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Ida Newman, 101; honored daughter by her philanthropy

Ida Newman, 101, of Philadelphia, a mother whose loss of her only child kindled a philanthropic journey to benefit children, students, doctors, musicians, artists, and uninsured women, died Sunday, Nov. 22.

Ida Newman
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Ida Newman, 101, of Philadelphia, a mother whose loss of her only child kindled a philanthropic journey to benefit children, students, doctors, musicians, artists, and uninsured women, died Sunday, Nov. 22.

Mrs. Newman was a month shy of her 102d birthday when she died at home of causes related to aging, her family said. She had been mentally sharp until late last week.

"Philadelphia has lost a lifelong resident who through generous philanthropy changed the lives of many in her nearly 102 years, and will be remembered for even longer," the family said.

Born and reared in the Strawberry Mansion neighborhood, Mrs. Newman was the eldest of four children. In 1943, she married Milton Newman, a principal in a family-owned recycling and paperboard-making business.

In 1946, they had a daughter, Ann. Shortly after birth, she underwent surgery to correct a congenital heart defect. The trailblazing operation was performed at Children's Hospital of Philadelphia.

Ann Newman graduated from Cheltenham High School in 1965 and earned undergraduate and graduate degrees before moving to London, where she worked as a senior program controller for ABC News.

At age 38, she was battling a respiratory infection when meningitis set in. She died alone in her London apartment in January 1986.

The Newmans were determined to find some meaning from the heartbreak, and dedicated themselves to creating a string of good works in their daughter's name.

In 1986, they underwrote an annual scholarship to support the research of a pediatric cardiology fellow at Children's. To date, 29 fellows have benefited.

In 1987, the couple dedicated the Ann Newman preschool at Temple Sinai Synagogue in Dresher. The school provides early childhood education based on Jewish values and traditions.

In 1988, the Newmans funded construction of new classrooms on the Mandell Elkins Park campus of Gratz College, where Ann Newman was confirmed in the 1960s.

That year, the Newmans endowed a permanent annual scholarship at Barnard College, their daughter's alma mater, affording students the chance to take a semester abroad through the School of Liberal Arts. The scholarship has bestowed more than $2 million.

In a third effort in 1988, the Newmans established the Ann Newman String Quartet at the Settlement Music School in Wynnefield. The scholarship program helps teenage students pursue preprofessional ensemble training.

In 1990, the couple underwrote the Ann Newman Maternity Center at the Albert Einstein Medical Center, which treats many of the city's uninsured and Medicaid patients, delivering many babies annually.

The Newmans also have made ongoing provisions to support the Jewish Federation of Greater Philadelphia.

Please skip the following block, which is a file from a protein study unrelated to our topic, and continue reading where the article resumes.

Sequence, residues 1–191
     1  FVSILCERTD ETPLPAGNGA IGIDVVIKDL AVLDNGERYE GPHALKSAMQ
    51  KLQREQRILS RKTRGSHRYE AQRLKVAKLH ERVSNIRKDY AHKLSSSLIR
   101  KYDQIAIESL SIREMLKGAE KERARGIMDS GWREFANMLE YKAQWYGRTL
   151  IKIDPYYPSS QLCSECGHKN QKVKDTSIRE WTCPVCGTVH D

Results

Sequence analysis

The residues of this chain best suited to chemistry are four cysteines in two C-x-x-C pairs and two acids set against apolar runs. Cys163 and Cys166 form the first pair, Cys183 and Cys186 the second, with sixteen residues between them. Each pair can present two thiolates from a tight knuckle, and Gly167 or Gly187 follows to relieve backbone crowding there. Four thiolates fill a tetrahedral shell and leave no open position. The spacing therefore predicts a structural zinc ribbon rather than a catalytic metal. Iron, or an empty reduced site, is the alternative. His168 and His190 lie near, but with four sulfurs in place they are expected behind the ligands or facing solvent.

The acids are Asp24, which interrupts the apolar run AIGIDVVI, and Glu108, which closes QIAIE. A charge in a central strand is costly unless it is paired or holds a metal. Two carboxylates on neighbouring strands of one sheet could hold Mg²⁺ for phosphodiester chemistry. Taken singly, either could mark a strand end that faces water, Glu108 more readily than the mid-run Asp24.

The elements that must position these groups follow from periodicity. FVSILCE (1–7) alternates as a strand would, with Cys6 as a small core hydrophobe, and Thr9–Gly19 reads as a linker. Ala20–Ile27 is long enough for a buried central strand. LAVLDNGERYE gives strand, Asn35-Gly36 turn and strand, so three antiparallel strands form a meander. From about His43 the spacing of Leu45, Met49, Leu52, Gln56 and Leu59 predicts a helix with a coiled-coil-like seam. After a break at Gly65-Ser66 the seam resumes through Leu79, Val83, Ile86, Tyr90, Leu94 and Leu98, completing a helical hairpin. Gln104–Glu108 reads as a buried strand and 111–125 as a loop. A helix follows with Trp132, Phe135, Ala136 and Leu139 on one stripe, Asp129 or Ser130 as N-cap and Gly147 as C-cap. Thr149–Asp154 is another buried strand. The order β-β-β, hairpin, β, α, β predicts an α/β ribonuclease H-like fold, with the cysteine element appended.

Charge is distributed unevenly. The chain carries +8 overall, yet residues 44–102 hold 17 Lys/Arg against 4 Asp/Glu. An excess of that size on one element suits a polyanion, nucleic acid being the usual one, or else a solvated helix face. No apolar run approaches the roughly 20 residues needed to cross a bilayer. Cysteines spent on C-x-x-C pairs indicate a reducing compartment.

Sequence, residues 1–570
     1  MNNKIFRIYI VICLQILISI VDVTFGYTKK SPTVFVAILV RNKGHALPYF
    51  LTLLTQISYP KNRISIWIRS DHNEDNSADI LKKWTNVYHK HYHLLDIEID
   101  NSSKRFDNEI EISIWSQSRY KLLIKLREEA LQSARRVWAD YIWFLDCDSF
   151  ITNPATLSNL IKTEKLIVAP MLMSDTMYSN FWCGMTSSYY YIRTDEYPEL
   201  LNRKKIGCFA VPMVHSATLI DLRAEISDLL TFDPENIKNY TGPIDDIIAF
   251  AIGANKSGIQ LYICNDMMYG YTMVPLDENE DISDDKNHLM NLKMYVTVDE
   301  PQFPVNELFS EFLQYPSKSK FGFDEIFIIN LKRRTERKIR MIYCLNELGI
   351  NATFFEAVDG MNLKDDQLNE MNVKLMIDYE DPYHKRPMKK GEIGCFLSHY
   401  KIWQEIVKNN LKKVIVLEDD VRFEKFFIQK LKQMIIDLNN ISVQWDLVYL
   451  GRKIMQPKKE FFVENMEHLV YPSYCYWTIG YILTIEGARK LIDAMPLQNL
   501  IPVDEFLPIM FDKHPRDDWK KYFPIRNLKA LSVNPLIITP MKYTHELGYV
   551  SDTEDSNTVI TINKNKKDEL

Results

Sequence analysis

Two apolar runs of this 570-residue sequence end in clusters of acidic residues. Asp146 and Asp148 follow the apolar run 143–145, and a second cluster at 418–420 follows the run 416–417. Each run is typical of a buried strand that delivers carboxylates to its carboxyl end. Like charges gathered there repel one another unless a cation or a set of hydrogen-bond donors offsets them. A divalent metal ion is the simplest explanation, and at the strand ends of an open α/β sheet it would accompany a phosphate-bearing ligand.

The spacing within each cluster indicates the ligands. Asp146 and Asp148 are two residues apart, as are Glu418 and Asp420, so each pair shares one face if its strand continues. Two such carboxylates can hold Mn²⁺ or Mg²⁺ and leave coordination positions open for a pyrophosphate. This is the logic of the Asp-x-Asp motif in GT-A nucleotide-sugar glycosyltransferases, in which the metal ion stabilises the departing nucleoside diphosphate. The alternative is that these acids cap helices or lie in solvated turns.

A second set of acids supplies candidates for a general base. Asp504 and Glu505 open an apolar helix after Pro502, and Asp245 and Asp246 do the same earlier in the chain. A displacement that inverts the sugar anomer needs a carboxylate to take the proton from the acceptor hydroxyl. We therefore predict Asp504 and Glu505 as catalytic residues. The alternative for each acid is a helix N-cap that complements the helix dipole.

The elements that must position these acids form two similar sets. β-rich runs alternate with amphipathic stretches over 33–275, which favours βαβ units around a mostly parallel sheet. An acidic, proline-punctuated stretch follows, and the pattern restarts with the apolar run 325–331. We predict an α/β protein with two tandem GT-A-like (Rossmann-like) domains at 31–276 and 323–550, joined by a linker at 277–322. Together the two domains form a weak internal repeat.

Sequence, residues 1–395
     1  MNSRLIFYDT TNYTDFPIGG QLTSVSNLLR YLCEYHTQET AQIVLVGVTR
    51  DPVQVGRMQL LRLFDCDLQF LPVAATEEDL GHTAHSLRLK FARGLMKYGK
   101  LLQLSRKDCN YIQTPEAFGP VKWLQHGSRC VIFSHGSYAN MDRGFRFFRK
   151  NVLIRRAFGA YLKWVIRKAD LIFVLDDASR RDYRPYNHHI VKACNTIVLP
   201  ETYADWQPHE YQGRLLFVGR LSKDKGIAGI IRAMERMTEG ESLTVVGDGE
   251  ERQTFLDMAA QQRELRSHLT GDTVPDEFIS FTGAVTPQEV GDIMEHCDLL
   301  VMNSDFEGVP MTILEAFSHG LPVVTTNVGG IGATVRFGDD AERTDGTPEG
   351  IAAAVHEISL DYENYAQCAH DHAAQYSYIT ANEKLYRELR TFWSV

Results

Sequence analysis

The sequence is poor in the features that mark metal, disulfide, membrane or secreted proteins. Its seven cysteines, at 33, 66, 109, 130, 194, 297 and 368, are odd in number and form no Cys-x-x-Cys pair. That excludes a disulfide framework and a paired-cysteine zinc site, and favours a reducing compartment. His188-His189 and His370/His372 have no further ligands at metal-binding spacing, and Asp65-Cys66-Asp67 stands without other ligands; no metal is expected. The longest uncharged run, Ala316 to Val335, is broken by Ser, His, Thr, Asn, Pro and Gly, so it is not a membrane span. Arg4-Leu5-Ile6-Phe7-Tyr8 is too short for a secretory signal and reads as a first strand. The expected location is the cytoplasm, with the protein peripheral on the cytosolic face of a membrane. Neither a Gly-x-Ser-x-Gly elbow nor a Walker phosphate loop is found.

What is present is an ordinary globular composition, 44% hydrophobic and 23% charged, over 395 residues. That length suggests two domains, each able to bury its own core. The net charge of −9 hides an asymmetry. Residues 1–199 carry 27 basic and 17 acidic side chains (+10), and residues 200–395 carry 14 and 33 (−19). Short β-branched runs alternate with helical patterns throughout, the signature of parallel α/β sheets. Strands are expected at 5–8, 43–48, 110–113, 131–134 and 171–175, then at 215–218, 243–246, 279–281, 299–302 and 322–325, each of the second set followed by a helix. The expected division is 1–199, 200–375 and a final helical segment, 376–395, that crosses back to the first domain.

In 1989, the Milton and Ida Newman Foundation developed and sponsored the Literacy Enrichment After-School Program at the Free Library of Philadelphia. Known as LEAP, the program provides homework assistance, computer literacy, and library skills for students in kindergarten through 12th grade, and daily literacy activities for elementary-school pupils.

Mrs. Newman enjoyed painting and ceramics, so it was a natural fit when she and her husband chose to support capital improvements to the Philadelphia Museum of Art in 1989. In return, the museum dedicated the Ann Newman Gallery of American Art, focusing on Shaker art.

Mrs. Newman also played a major role in the construction and endowment of the Kimmel Center.

In the 1920s, Mrs. Newman played at Smith Memorial Playground and Playhouse in Strawberry Mansion and loved the giant wooden sliding board.

In 2005, when she learned that the playground had closed because of disrepair, she paid to restore the slide and renamed it in honor of her daughter. She also restored the playhouse and expanded the playground's other areas.

"It is no exaggeration to say that without Ida Newman, there would be no Smith Playground," her family said.

Bud Newman, her nephew and president of the Federation of Jewish Agencies, remembered her as a loving aunt who taught kindness and compassion by example.

She loved to make birdhouses and to throw pots, which she delighted in giving to visitors. She quietly helped family when one of its members was in need.

"She never forgot a name," her nephew said. "She gave sound, solid, whip-smart advice, maybe when you didn't ask for it. She openly shared her recipes for stuffed cabbage and mandel bread, and we are all extremely grateful for that."

In addition to her nephew, Mrs. Newman is survived by nieces and other nephews. Her husband died in 1994.

Funeral services are scheduled for 11 a.m. Tuesday, Nov. 24, at Joseph Levine & Sons Memorial Chapels (West), 2811 West Chester Pike, Broomall. Interment will be in Mount Sharon Cemetery.

Donations may be made to Smith Memorial Playground and Playhouse, 3500 Reservoir Dr., Philadelphia 19121.